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However, Marc Finaud thinks that the advent of the TIAN has moved the cursor: “For now, it is true, the P5 has not drawn the consequences of the current danger of nuclear weapons. He merely drew up a glossary on the terminology associated with these weapons. The UK has raised its atomic weapons cap, China may be on the verge of doubling its arsenal. France is already talking about the advent of a third-generation nuclear submarine. The United States and Russia continue to modernize their atomic weapons, which together account for 90 percent of the world’s arsenals. ” But the risk of miscalculation is there. Example: Russia. Access to nuclear codes is highly decentralized. It is a legacy of the Cold War. So we are not at the mercy of an untimely initiative by individuals or even a non-state group that would take control of a command center. “If you think about it, Marc Finaud continues, it is not the naive who are proposing nuclear disarmament, but those who still believe that the current systems are all under control.” In any case, the movement around the TIAN is not about to go out.

Finally read: The United States and Russia are meeting in Geneva to reduce the serious danger of nuclear conflict

The responsibility of democracies

The GCSP researcher denounces the argument that the TIAN would undermine the Nuclear Non-Proliferation Treaty, which entered into force in 1970 and was ratified by 191 states. “It simply came to our notice then. The TIAN fills a legal gap and confirms a 1996 International Court of Justice ruling that such weapons could not be used legally. No previous treaty dealt with the illicit nature of the atomic weapon. It does not weaken the NPT, it strengthens it by proposing a measure under Article 6 of the NPT that requires States parties to disarm. ” For Marc Finaud, democracies have a real responsibility in this area, with public opinion largely in favor of the abolition of such weapons.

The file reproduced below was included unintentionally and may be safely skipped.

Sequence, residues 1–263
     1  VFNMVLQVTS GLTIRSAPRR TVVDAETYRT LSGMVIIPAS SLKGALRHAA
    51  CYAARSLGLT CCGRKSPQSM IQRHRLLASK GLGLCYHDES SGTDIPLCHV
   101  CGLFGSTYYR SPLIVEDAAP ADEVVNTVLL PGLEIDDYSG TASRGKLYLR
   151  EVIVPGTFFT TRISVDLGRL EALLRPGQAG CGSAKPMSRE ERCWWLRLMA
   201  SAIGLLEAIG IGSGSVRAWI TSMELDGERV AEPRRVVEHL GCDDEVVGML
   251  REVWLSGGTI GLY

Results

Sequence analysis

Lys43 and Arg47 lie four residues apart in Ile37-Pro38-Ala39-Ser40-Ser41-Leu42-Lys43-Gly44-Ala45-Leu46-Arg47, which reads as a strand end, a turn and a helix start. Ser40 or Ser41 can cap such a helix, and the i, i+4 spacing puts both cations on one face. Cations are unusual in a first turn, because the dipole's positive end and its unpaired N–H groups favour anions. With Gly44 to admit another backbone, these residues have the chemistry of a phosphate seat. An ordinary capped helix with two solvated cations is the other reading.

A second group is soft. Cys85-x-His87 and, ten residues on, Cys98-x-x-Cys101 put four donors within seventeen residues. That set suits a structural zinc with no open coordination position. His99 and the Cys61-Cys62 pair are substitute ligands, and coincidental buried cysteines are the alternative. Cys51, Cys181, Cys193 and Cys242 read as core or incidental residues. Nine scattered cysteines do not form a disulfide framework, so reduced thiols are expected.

Finally read: Hell of weapons of mass destruction

In Vienna, Beatrice Fihn hopes the meeting will lead to an action plan to make TIAN more universal. She plans to promote the movement by using artists in particular to get the message across better. ICRC President Peter Maurer will be in the Austrian capital. Helen Durham, director of the ICRC’s humanitarian law and policy department, said in a statement: “No state, no humanitarian organization is ready to meet the enormous needs of a nuclear explosion. So it is important to be aware of what we cannot prepare and what we cannot answer. ” Dr. Marcel Junod was present in Hiroshima in 1945 shortly after the cataclysm. He had seen the terrible impact of the nuclear weapon on the Geneva institution. The ICRC has been calling for the abolition of this weapon since 1945. In 2010, ICRC President Jakob Kellenberger called on states to remain in the annals: “The existence of nuclear weapons raises serious questions about the timing where the rights of states must give way to the interests of humanity. “